Perhaps Trump chose Friedman as payback to Orthodox Jews, who were much more likely to support him than were American Jews generally. (According to Pew, a higher percentage of Jews voted for Clinton than did members of any other religious group, although the data lump Muslims in with "other." If broken out separately, I suspect that the data would show that Muslims rejected Trump by a larger percentage than any other religious group.)

It's also possible that Trump chose Friedman because he saw him as a kindred spirit—as a man given to outrageous statements for which he does not apologize, like calling American Jews who support a two-state solution to the Israel/Palestine conflict--which is to say a clear majority of American Jews—worse than kapos, the Jews who assisted Nazis in the death camps.

Whatever Trumpian logic led the president-elect to select Friedman, if he is confirmed and given real power, Friedman is very likely to pursue policies that increase the odds of war, terrorism and human suffering more broadly.

Or, what amounts to the same thing, even if Friedman himself does not call the shots but if his selection reflects the priorities of the Trump administration, that will have terrible consequences. Friedman's support for "annexation" of the West Bank and for moving the U.S. embassy to Jerusalem will severely undercut the already-slim chances for the making of "a deal" between Israel and Palestine, Trump's at least nominally stated aim.

More broadly, Trump's ideological approach to conflicts in the Middle East is to throw fuel on the fire. As I noted previously, his views are incoherent. He simultaneously demonizes Iran even as he wants to work closely with Iran's Russian pro-Assad allies in Syria.

The incoherence undoubtedly stems from Trump's unwillingness to acquire the knowledge possessed by even a reasonably well-educated 20-year-old, much less to sit through intelligence briefings. To make matters worse, Trump's basic approach is reflexively aggressive.

To be sure, Trump is not exactly a warmonger. He broke with the neocon wing of the GOP and in some ways ran to the left of Clinton's Scoop-Jackson-inflected muscle flexing. Trump doesn't seem to want to get the U.S. into more foreign wars. It's just that his ignorance, arrogance and bombast pose a risk of starting them. Likewise, his overheated rhetoric on terrorism will likely produce blowback.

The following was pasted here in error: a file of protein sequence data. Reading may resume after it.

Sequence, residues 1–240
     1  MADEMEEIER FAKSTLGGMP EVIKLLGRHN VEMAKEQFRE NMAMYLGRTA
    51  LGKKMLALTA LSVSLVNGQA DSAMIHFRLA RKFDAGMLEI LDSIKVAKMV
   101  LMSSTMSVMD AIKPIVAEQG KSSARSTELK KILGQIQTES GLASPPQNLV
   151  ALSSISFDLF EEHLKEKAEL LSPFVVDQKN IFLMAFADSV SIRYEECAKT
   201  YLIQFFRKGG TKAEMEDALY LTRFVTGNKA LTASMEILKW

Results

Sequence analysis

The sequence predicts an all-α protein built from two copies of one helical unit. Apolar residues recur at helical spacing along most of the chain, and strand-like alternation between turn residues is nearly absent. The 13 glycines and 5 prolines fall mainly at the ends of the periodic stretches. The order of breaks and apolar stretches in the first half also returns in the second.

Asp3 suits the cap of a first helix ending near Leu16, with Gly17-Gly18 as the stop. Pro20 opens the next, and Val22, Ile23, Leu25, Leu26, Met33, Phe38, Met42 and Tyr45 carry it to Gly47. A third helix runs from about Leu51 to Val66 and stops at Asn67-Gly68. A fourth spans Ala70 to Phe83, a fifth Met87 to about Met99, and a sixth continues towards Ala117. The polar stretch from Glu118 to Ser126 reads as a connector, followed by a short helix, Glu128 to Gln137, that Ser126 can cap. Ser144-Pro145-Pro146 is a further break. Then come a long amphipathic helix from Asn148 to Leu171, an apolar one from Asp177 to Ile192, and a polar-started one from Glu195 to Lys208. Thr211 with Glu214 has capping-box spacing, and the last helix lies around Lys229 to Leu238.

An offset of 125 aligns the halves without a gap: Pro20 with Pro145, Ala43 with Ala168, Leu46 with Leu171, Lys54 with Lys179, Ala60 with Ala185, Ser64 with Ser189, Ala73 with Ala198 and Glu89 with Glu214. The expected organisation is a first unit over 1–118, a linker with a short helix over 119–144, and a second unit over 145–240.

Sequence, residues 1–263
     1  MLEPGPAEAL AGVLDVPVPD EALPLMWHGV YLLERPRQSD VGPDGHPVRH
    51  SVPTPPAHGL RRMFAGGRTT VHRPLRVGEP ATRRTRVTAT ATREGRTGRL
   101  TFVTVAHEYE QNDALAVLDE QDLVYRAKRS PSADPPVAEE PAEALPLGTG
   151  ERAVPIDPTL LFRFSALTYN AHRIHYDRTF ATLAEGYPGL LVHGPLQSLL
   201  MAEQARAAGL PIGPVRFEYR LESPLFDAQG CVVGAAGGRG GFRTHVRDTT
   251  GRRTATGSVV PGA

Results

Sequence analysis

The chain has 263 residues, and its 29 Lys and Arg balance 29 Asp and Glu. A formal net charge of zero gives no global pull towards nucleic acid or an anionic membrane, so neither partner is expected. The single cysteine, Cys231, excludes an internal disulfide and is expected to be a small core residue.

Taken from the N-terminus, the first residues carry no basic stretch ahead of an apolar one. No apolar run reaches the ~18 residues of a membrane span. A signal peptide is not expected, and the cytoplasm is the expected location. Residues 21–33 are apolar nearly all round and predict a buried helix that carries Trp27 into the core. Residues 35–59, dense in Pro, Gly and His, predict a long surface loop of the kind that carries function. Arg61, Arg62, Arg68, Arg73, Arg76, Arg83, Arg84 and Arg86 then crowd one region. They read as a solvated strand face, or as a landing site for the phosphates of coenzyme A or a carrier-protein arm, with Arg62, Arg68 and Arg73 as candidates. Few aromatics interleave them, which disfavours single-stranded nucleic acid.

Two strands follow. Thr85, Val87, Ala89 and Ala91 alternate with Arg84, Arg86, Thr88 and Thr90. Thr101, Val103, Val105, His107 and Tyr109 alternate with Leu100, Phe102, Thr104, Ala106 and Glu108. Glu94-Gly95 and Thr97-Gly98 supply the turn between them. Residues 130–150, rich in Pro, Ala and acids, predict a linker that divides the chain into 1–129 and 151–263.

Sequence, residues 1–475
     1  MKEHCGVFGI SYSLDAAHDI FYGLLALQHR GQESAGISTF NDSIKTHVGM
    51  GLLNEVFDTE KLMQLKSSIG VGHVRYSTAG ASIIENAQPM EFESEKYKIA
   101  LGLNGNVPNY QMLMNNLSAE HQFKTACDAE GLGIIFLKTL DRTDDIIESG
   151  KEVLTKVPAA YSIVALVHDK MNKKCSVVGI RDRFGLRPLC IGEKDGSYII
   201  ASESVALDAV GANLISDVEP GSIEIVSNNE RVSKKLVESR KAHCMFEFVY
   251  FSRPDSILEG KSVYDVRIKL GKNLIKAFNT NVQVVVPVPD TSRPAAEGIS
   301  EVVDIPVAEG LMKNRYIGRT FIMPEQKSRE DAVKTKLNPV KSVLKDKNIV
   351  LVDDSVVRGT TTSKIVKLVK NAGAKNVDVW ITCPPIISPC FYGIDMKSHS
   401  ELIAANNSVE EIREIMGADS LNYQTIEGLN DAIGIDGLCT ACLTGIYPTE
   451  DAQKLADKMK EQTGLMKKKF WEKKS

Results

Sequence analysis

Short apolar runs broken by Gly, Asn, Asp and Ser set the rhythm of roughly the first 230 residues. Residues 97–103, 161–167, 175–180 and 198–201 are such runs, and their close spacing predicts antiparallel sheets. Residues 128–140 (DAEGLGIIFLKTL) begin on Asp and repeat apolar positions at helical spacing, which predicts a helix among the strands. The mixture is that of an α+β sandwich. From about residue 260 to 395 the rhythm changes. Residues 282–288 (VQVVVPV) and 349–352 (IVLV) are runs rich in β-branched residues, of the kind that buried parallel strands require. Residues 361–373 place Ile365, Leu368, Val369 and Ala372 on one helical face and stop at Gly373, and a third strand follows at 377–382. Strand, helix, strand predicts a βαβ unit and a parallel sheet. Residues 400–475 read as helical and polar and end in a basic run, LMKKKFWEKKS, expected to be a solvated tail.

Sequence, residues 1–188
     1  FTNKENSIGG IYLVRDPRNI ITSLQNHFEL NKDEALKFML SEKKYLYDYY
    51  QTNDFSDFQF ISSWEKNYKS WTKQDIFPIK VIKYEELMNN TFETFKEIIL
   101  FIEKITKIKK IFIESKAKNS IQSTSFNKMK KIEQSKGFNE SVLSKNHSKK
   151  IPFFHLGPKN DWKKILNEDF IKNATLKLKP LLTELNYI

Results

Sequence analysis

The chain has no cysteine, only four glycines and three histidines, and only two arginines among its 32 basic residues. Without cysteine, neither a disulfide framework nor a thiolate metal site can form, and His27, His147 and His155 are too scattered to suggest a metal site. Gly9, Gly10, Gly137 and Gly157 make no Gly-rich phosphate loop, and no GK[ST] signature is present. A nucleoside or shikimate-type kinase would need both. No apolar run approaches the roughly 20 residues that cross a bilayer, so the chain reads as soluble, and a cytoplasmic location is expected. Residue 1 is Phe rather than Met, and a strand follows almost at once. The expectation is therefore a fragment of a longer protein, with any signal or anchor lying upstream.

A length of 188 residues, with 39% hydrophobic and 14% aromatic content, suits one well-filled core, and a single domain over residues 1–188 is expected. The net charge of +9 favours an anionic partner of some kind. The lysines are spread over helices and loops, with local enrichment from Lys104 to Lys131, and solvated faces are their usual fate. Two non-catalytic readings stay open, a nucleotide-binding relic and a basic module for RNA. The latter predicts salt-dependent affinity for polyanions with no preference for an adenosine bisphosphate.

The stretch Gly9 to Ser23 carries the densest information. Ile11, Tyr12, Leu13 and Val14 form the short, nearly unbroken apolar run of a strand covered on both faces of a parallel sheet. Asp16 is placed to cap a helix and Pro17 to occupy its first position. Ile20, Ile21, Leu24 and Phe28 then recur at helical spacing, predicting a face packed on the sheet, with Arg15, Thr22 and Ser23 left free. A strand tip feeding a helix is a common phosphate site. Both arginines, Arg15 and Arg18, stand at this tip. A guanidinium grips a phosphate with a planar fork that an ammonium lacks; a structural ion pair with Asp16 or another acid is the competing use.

Put simply, if left to do what they think is best, all things considered, Trump and the top people that carry out his administration's foreign policy will very likely do things that are horrible because of their arrogance, ignorance, and (for some but not all of Trump's people) ideology.

Thus, it is at least possible that by pulling the Trump administration away from what Trump and his people think they ought to do, Trump's business interests will push U.S. foreign policy towards better (though still not ideal) positions.

To illustrate, let's stick with the Middle East. Despite a few efforts to strike deals with local developers, apparently Trump does not currently have any substantial property interests in Israel, but he does have substantial business interests in other parts of the Middle East.

If Trump rationally pursues his own economic interest, he will try to moderate the likes of David Friedman, because war between Arabs and Israelis is bad for the Trump brand throughout the Middle East.

The same point should be true in other regions. Peace is good for business. War, terrorism and trade wars are bad for business.

I'll end with two caveats. First, by invoking doux commerce, I do not mean to suggest that Trump actually internalizes the cooperative attitudes that, according to Albert Hirschman, commerce induces. I agree with Professor Neil Buchanan when he writes that Trump does not believe in capitalism, because Trump only understands win/lose, not win/win.

However, Trump doesn't need to understand capitalism to respond to economic incentives. Even a minimally rational Trump would understand that war and terrorism are bad for the luxury hotel business.

That brings me to the second caveat: Trump is not necessarily even minimally rational. After all, if he were, how could he have run a blatantly anti-Muslim campaign and designated Mike Flynn as his National Security Advisor despite the latter's notoriously anti-Muslim statements?

Wouldn't a minimally rational Trump have realized that these actions would be bad for his brand in majority-Muslim countries?

The short answer is yes. Trump may not be even minimally rational. Accordingly, I conclude that Trump's business interests in other countries have the potential to moderate the terrible course he would otherwise choose if he were guided only by his own policy preferences and those of the people who will surround him, but that they probably won't.

At best, the glass has a drop of water in it, but perhaps it is indeed empty. It is Schroedinger's glass.

Michael C. Dorf is the Robert S. Stevens professor of law at Cornell University . He blogs at dorfonlaw.org.